Live The Blue Rock
Label: In The Black Records
Released: February 5, 2013
Reviewed: February 3, 2013
If a mad (or maybe not so mad) scientist wanted to see what would happen if he cloned a mix of Melissa Etheridge and Bob Dylan, the result would be Mary Gauthier (pronounced âGo-Shayâ). The prolific songsmith is releasing her seventh album â her first live project â and what an album it is.
In conversation and in public, Ms. Gauthier comes off as a practical, no-nonsense woman. Stoic, even. Which wouldnât seem unusual, except for the fact that her songs carry so much emotional punch, they can leave you staggering. She has a way of burrowing into that hole so many of us carry inside our souls, and emerging with universal truths that show we arenât so alone after all.
Gauthier knows where our exposed nerve endings lie because sheâs probed her own so deeply, finally learning to unlock the fear and loneliness that controlled her escape-seeking trajectory for so long before songwriting â and the sobriety that drew it forth at age 35 â gave her a steadier flight path.
But even though her six albums have received countless accolades (2005âs Mercy Now earned her the Americana Music Associationâs New/Emerging Artist of the Year title, and 2011âs The Foundling was named the No. 3 Record of the Year by the L.A. Times), Gauthier felt she needed to rack up her pilot hours, so to speak, before she could hit another major milestone: recording a live album. When she was ready, she captured Live at Blue Rock (In the Black Records) at a concert at the Blue Rock Artist Ranch and Studio in Wimberley, Texas, outside of Austin.
âPeople have been asking for a live CD for a long time and I just knew that I wasnât ready yet,â admits Gauthier. âIt took 10 years of trench work. Of beinâ out there, banging my head against all the things an artist has to bang against. Indifference. Poor attendance. Situations that are over your head. Every night, curve ball, curve ball, curve ball. But stagecraft cannot be taught. You have to be onstage to learn it. So after ten years of doinâ it, I got good at it.â
Louisiana native-turned-Nashville resident Gauthier, whose songs have earned praise from Bob Dylan and Tom Waits, and been recorded by Jimmy Buffett, Blake Shelton, Boy George and many others, is not bragging, just explaining, in that practical way of hers. Itâs the same way she discusses experiences that led to some of the extraordinary songs she performs on the album. Renowned songs, such as I Drink, Drag Queens in Limousines and Karla Faye â which addresses the famous fate of that convicted killer, but starts out with lines that undoubtedly reference their author as well: A little girl lost, her world full of pain. He said it feels good, she gave him her vein.
Then thereâs Blood Is Blood, from her last release, 2010âs The Foundling, which plumbs the particular hell of children given up to closed adoption. With a cinematographerâs eye and a lyrical economy that suggests far more than her 15 years of songwriting experience, she chronicles an always-present sense of rejection and rootlessness, the nagging âwhysâ and âwhat ifs,â the endless search of every face for a possible resemblance. I don't know who I am I don't know who I'm not/I don't know my name I can't find my place, she sings, her voice rising from a whisper to a wail. Sheâs not just offering a vein here, sheâs cutting several wide open. Like all of her songs, Blood Is Blood takes on even more power when performed live.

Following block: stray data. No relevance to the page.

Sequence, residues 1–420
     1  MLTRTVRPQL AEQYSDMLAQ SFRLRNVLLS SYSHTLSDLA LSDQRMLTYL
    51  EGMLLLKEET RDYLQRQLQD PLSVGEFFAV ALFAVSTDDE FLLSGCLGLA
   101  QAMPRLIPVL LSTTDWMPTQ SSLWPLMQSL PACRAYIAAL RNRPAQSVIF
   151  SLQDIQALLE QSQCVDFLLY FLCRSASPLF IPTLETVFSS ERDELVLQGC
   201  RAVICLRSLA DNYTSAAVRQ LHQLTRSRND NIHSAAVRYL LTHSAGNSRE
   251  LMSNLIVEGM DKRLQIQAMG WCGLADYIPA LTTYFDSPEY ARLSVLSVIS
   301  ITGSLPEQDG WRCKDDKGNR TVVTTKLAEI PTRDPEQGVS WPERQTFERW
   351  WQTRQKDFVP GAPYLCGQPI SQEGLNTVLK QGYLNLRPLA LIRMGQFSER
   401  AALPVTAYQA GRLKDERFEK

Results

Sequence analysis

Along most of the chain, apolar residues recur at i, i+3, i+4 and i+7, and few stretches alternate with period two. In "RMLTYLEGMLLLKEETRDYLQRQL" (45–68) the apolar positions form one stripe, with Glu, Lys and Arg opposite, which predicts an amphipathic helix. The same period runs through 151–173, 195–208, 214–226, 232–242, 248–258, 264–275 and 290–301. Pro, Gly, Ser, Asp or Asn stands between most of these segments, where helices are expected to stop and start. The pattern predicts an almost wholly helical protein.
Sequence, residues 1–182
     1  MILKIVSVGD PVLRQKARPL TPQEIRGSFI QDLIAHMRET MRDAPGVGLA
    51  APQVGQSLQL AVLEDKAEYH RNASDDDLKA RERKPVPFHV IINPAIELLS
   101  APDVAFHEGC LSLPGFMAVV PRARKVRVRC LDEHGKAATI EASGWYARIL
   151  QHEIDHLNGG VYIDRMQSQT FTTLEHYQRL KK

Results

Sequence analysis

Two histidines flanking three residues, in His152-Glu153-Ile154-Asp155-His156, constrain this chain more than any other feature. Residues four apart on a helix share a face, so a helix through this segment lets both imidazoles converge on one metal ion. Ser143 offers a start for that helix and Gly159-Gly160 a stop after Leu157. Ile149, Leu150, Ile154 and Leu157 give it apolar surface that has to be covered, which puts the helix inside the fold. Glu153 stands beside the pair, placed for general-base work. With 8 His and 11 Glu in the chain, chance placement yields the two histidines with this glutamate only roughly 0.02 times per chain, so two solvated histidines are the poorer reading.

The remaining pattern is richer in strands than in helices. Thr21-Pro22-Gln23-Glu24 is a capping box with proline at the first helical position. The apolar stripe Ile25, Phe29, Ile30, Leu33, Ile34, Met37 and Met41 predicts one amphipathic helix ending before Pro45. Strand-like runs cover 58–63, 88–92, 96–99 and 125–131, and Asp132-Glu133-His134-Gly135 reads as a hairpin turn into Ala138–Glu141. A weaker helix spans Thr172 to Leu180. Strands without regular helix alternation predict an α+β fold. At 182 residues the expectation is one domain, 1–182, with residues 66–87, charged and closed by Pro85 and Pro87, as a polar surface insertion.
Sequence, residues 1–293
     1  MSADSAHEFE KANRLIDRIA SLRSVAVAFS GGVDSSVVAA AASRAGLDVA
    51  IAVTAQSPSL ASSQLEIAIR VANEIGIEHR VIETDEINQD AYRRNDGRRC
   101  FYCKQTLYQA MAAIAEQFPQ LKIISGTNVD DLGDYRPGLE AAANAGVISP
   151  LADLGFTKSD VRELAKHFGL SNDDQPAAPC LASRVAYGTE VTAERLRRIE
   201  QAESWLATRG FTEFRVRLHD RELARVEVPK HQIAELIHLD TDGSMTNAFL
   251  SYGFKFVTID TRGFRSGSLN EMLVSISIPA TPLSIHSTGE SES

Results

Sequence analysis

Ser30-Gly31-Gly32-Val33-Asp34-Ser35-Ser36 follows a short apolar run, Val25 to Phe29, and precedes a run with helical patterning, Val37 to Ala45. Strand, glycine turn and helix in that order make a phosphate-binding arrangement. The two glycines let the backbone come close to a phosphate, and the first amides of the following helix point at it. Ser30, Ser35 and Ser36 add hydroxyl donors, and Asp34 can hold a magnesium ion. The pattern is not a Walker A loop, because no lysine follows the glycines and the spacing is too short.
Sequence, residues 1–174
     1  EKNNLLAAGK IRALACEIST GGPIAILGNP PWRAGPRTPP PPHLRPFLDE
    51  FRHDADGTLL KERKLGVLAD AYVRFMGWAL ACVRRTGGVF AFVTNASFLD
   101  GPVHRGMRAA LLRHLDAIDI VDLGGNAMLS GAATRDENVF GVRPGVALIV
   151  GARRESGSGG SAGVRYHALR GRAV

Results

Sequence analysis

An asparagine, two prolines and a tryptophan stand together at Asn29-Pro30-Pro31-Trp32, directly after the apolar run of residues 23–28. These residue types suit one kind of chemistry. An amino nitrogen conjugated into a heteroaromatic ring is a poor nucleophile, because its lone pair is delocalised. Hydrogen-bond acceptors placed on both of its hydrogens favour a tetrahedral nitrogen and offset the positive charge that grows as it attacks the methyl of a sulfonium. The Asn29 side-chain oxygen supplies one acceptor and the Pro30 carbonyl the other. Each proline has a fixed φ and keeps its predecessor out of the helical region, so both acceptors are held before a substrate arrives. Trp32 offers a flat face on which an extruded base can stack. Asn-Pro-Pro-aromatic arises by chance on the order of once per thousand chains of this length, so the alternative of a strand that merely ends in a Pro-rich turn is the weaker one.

âAs a songwriter, Iâm always trying to go to the deepest possible place inside of me. Past the navel-gazing, past the self-conscious, to get to that âwe,ââ Gauthier explains. ââCause deep inside of all of us is the universal. And that is an artistâs job, to transcend the self. Iâm in there, but then hopefully, it goes past that and it hits something far, far bigger and more important than me. Thatâs what Iâm aiminâ for every time I write.â
Sheâs proud that The Foundling opened the floodgates for thousands of fellow orphans who had never heard anyone articulate their pain with so much insight. Gauthier reports therapists are now using the album to better understand the adoptee experience. Itâs also resulted in several reunions between children and their birth parents â though Gauthierâs birth mother declined that option after Gauthier made contact five years ago. And she understands that decision, even if sheâll never have the full closure she sought.
Sometimes, life just goes that way â particularly for the outsiders with whom Gauthier has always identified most. They populate Live at Blue Rock, which also contains covers of three songs by fellow poet/philosopher (and recent âTin Can Caravanâ tour leader) Fred Eaglesmith, another master at illuminating the sympathetic sides of characters society is not used to regarding kindly, if at all.
âI find the stories I want to tell are the stories of characters who may or may not make it,â says Gauthier. Though sheâs no longer dangling on that precipice, she adds, âI believe in redemption. I needed redemption; I continue to need redemption.â
Luckily, she sometimes finds it onstage, in front of an audience. And just as audiences change from night to night, so do her accompanists.
When Live at Blue Rock was recorded, she had fiddle and percussion adornment. But sheâs experimenting with different configurations all the time, which means the songs also take on new identities nightly.
âTheyâre living things,â Gauthier says of her work. âYou record âem one way, but thatâs just the way you played it that day. Some words change, the tempo changes. It has to go with the flow of the room and the flow of the night.â
Gauthier, a teen runaway who attended college in Louisiana and operated a Cajun restaurant in Boston before getting sober, long ago learned how to go with the flow. And to be patient. Because it takes time to get good enough to wing it.
Live The Blue Rock